We continued north the following morning, speeding through Gympie and riding on some of the finest motorcycle roads imaginable through cool, dark forests, occasionally bursting out into shafts of brilliant sunlight before, unfortunately, the rain came. Farther north, a curiosity stop found us exploring the Capricorn Caves, founded by the Olson family in 1881. Our guide was a fourth-generation Olson and proudly informed us it was one of the largest privately owned cave systems in Australia. It was fascinating, with millions of years of evolution preserved underground for us to see.

Two days later, after passing through the coastal towns of Mackay and Townsville, we arrived in Cairns. Here we found mile after mile of unspoiled beaches, tropical rainforests, crocodiles, giant fruit bats, and the jewel of Australia’s crown, the Great Barrier Reef. While there, we learned to scuba dive, marveling at the multicolored fish and coral in the tranquil blue water, an experience that would leave everlasting memories for us. At the time, the diving class course — plus 10 dives on the reef spread over three days, which leaves you a qualified diver — cost a mere $260 Australian, less than $200 American. We made fast friends with our international group and left as certified divers, having had an experience that might be hard to top. I gave the bike an oil change, adjusted all its important bits, and with luggage packed and stowed we were as ready as could be to tackle the center of Australia.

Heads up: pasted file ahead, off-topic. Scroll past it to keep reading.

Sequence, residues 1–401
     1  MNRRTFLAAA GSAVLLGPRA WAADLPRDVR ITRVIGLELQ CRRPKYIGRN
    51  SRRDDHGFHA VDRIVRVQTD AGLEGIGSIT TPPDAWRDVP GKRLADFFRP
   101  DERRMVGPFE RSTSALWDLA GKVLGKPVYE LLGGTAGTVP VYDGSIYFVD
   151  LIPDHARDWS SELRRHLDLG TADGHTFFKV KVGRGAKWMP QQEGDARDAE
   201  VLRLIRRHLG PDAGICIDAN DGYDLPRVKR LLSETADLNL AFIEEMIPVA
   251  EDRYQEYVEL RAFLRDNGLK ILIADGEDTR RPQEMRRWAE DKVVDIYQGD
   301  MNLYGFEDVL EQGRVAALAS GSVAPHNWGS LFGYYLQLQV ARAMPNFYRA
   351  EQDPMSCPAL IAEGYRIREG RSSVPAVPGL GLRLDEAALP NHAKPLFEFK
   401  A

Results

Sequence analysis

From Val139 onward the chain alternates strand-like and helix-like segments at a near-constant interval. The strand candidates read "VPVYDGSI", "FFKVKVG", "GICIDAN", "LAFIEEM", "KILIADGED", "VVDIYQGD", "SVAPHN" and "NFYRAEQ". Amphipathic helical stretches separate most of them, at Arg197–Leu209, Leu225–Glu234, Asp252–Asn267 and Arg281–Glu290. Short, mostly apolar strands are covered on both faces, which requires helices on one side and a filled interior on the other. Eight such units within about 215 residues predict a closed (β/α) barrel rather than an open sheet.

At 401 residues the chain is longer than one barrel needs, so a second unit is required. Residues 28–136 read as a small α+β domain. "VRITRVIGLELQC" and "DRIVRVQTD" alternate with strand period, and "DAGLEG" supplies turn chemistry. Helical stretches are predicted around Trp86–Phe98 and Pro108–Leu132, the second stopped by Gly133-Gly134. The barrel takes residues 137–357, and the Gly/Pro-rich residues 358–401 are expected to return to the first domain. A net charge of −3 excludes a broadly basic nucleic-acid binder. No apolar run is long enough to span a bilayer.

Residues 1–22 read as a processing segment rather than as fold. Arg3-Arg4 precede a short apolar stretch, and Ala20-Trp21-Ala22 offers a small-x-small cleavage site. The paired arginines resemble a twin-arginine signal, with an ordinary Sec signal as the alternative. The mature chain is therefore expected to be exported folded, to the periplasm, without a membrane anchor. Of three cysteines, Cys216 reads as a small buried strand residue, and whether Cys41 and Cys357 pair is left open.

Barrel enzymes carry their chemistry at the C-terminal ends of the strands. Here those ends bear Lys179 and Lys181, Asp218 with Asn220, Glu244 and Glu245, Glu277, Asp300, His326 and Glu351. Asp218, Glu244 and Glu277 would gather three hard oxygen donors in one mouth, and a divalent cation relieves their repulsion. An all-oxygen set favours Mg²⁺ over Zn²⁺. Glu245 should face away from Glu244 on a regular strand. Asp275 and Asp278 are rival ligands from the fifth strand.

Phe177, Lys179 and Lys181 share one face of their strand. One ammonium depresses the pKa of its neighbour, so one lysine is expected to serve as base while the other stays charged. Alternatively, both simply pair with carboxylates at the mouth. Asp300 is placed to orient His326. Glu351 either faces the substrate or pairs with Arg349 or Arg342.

Inland bound

Back on the road, we headed south, then west for the red center of Australia and the oasis town of Alice Springs, 1,500 miles away. Made famous in movies and songs, it was a place I was dying to see. With a lightly trafficked, open road ahead, I set the bike at 4,200rpm, which gave about 50mpg at around 67-72mph so we could squeeze the most out of the 5-gallon gas tank on the long, deserted stretches of road we were navigating.

The first day saw us heading through endless fields of sugar cane flanked by lush green hills, and by nightfall we were heading west with the lights of Townsville in our mirrors. Camping out in the bush that night, our vista was more intense than anything we had seen, the setting sun creating a blaze of color across the horizon as the bush came alive with the sounds of the night creatures. Sitting by the campfire, gazing up at the night sky uninterrupted by clouds or any artificial light, we could have been the first people on earth.